I love surprises. And I’m also not a planner – which means my life is full of them! For my recent trip to the National Parks of Utah you might think I would have done some sort of looking ahead to prepare for what I was about to see and do – but why do that when your travelling buddy has it all under control?


As we drove away from the Las Vegas airport on our way to our first destination, Sue (who had been to this area before) was cracking up as my jaw permanently dropped for the next few hours. I couldn’t believe the massiveness of mountains and the vastness of the ridges. “You haven’t seen anything yet!” she kept telling me.

Eight days and six national parks later, I was still in awe. I think the thing that surprised me the most was that I kept being surprised – each park was so different! The diversity of formations, colors, and textures of rock was incredible. Sue and I were constantly asking each other, “How did this even happen?”

One of my absolute favorite sights was “Balanced Rock” in Arches National Park. As you drive up to this formation, you have to do a double-take. “What in the world?”


Here’s a basic explanation: The ‘balanced’ rock, made of sandstone, is perched on a pedestal of mudstone. The pedestal, which weathers at a faster rate, is slowly shrinking and at some point, will no longer be able to support the boulder (which is about the size of three school buses and weighs 3,500 tons). Collapse is inevitable, but for now, it’s quite a sight to see!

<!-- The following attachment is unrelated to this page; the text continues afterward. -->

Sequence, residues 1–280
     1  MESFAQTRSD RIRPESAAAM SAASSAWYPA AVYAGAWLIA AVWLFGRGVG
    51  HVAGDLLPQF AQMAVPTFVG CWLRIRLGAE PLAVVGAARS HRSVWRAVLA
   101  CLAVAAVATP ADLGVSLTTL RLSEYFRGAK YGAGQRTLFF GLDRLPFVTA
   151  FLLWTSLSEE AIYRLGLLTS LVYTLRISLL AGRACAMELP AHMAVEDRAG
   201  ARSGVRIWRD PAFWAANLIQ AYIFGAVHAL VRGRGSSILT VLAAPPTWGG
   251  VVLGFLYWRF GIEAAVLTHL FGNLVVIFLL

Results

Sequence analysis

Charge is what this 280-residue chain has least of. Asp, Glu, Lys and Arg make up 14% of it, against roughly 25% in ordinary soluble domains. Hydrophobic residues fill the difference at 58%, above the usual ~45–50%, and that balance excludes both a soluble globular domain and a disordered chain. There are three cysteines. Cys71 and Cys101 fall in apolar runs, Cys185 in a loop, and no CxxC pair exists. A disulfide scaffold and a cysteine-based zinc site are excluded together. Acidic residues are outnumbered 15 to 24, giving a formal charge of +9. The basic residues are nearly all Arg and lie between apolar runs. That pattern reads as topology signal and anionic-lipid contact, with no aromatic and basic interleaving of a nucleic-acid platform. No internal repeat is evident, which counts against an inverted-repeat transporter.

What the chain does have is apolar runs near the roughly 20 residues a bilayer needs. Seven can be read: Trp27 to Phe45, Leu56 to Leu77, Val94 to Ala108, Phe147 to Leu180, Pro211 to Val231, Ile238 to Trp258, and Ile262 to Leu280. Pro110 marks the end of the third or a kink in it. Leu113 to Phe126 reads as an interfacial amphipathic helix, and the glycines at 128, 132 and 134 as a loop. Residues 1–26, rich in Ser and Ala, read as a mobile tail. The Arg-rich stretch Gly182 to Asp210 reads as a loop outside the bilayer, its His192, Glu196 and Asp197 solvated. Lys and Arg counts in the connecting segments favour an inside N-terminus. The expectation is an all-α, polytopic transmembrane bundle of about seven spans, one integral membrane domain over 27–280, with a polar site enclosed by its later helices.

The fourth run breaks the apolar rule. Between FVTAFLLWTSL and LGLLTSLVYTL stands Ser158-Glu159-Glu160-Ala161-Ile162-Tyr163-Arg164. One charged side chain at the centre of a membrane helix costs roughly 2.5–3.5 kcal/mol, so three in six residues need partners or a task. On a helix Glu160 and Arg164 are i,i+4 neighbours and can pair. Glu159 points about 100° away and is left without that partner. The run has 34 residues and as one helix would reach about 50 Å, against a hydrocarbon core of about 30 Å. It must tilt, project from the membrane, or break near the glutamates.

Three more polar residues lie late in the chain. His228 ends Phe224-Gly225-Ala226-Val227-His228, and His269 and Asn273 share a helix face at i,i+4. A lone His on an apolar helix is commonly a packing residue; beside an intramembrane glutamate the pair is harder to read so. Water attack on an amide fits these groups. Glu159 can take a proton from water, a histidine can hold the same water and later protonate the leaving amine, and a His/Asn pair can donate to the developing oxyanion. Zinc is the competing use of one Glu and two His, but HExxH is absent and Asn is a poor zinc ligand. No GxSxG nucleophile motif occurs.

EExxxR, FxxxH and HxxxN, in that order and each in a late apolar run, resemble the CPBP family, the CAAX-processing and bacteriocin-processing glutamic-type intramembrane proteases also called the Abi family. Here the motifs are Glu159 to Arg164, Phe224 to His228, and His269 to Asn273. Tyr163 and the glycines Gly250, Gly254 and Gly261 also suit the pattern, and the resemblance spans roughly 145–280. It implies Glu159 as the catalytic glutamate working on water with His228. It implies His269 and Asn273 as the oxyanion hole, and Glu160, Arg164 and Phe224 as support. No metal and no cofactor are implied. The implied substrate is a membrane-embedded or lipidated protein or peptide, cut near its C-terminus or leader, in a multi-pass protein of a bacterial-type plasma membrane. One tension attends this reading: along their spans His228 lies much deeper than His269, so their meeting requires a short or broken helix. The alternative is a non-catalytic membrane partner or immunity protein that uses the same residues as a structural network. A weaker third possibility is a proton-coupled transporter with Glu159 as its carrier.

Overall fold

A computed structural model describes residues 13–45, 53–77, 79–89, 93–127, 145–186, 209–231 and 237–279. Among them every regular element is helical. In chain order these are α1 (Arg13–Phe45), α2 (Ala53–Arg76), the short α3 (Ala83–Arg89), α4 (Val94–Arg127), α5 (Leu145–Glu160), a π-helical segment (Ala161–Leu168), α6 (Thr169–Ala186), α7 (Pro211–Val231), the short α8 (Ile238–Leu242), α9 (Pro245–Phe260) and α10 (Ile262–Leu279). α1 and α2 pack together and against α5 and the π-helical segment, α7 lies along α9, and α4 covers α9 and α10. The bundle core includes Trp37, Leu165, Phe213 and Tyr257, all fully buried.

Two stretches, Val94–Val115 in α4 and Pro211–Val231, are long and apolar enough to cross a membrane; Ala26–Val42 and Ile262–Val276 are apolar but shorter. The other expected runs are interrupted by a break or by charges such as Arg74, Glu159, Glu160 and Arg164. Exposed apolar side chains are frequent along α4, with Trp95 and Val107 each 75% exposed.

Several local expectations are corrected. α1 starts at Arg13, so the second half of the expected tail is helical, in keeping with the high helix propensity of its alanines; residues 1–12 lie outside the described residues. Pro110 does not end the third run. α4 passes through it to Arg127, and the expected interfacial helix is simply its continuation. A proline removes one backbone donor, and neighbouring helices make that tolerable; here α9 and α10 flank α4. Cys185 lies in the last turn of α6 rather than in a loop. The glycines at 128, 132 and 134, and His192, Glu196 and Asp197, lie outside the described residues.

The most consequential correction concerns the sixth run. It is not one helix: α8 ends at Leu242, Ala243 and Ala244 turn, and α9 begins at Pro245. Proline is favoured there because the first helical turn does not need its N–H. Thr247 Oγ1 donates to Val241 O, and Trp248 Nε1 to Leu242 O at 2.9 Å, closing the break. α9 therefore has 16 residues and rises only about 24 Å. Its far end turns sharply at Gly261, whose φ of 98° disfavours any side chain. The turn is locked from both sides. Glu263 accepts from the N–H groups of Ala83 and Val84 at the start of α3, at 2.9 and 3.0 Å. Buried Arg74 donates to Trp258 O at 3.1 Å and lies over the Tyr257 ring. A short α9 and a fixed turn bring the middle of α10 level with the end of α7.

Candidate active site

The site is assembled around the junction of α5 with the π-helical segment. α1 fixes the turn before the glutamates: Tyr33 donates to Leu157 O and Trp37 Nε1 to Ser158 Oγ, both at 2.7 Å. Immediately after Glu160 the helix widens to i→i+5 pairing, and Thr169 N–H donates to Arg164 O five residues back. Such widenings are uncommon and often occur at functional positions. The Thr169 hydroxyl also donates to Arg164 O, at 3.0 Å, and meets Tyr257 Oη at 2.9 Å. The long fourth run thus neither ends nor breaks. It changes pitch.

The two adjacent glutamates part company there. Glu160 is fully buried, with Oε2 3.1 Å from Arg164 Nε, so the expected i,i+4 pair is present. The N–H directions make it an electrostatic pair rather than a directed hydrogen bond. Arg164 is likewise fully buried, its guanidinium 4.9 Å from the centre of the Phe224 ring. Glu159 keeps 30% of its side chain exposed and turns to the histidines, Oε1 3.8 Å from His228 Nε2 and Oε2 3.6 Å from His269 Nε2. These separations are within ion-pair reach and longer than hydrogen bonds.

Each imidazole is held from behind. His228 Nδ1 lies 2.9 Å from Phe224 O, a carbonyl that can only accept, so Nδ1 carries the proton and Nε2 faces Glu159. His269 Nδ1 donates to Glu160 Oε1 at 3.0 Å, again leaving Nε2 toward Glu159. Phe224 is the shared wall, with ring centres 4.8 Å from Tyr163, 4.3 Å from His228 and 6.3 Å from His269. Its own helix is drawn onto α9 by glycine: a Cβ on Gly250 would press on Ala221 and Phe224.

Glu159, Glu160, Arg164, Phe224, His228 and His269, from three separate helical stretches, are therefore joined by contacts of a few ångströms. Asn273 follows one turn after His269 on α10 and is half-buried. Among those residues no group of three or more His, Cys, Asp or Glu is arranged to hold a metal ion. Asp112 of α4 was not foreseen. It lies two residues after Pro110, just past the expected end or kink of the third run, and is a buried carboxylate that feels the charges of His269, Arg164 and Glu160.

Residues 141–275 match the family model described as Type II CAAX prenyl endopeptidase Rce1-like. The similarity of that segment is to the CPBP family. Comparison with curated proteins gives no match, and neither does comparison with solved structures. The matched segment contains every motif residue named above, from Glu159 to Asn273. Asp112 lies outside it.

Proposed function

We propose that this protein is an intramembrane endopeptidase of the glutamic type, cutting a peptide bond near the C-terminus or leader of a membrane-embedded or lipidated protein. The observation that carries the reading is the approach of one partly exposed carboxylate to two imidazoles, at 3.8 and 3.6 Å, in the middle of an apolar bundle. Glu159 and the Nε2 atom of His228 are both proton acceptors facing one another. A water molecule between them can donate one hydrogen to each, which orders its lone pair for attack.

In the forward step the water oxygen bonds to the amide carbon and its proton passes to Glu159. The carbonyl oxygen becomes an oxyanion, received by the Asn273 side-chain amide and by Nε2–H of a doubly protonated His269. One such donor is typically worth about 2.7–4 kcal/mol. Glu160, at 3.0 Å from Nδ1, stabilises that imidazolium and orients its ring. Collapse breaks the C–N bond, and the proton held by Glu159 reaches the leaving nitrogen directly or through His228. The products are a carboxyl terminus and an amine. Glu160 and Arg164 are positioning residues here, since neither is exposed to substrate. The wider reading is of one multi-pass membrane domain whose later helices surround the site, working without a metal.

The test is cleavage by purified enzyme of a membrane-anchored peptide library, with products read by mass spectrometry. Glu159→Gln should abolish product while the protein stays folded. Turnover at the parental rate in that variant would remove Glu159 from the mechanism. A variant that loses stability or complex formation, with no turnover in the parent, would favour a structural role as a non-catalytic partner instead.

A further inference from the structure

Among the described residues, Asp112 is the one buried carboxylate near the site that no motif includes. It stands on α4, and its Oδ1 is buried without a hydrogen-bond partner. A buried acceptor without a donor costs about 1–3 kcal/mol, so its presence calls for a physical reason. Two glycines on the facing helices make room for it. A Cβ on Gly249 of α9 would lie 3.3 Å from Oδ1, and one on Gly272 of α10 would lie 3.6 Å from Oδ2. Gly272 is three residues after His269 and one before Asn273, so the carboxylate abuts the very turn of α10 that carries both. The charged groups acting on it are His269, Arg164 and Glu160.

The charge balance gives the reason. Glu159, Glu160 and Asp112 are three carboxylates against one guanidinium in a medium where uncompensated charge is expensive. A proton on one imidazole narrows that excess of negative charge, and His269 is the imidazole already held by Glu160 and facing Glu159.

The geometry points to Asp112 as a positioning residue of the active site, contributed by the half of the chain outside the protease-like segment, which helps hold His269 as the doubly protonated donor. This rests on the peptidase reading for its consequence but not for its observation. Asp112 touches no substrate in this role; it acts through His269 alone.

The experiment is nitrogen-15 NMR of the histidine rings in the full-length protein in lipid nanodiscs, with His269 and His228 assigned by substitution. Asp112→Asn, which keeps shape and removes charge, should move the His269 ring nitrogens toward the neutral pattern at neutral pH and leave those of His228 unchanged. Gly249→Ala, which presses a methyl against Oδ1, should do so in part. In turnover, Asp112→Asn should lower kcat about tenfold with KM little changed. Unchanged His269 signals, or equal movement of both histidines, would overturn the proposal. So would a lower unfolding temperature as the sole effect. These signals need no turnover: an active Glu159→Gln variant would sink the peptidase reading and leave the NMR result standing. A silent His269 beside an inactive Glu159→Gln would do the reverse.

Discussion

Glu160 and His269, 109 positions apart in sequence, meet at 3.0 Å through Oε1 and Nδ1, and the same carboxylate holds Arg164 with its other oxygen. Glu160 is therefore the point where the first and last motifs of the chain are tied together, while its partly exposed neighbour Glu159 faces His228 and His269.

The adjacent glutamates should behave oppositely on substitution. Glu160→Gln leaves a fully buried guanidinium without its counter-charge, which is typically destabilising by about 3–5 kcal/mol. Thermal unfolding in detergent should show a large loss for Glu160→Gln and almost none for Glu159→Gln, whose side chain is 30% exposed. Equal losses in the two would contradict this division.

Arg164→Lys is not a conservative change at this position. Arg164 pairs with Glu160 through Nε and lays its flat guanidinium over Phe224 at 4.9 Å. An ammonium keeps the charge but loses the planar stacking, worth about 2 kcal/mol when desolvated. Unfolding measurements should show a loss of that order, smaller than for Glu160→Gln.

One area of life I don’t look forward to surprises in is parenting. After working with teenagers for almost 20 years, I’m convinced that there will be plenty of “We didn’t see that coming!” moments in our future – but I’d love to keep them to a minimum. I know I can’t predict or control my girls’ future choices (no matter how much I’d like to), but as we’re learning in our Moms’ Bible Study – I can take intentional steps toward building a foundation of wisdom in their lives.

Proverbs 2:2-4 tells us that wisdom is something that must be sought after – it requires action on our part. We must ‘turn our ear,’ ‘incline our heart,’ and then be open and willing to ‘receive’ wisdom. We are to ‘raise our voice’ and ‘call out’ for it – ‘seeking’ after it like we would a treasure.

The thing is that after 10 years of parenting, I’ve found it much easier to live in “survival mode”. Life is crazy and busy and every kid and situation is different, so it seems natural to just ‘go with the flow,’ grabbing whatever bucket of sand I can find from things I hear (or happen across on Facebook) to keep things balanced. Or mostly I just do whatever I think is best in the moment.

But I’m learning that even though there’s lots of really good advice out there (and I might actually have some good ideas), none of it can replace the moment-by-moment activity of seeking after God’s wisdom. I have an entire Bible full of His wise words and the ability to ‘call out’ for help and then ‘turn my ear’ to the voice of His Spirit who can speak into my every situation.


“The wise woman builds her house, but with her own hands the foolish one tears hers down.” (Proverbs 14:1)

Unlike these rocks, I’m not just sitting around waiting for an inevitable collapse – I don’t have to live in fear of the forces of nature (or adolescent development). I have the opportunity to build into my childrens’ foundation a solid layer of God’s wisdom. And as I seek His insight in the moment, I am not only more likely to make better parenting choices, but I’m also modeling for them how to seek God’s understanding for themselves.

Those teenage years (and beyond!) may seem scary, but the weathering forces of culture, false teaching, and even that ugly sinful nature don’t stand a chance against the solid rock of God’s wisdom. The surprises may keep coming, but maybe some of the collapses can be prevented!

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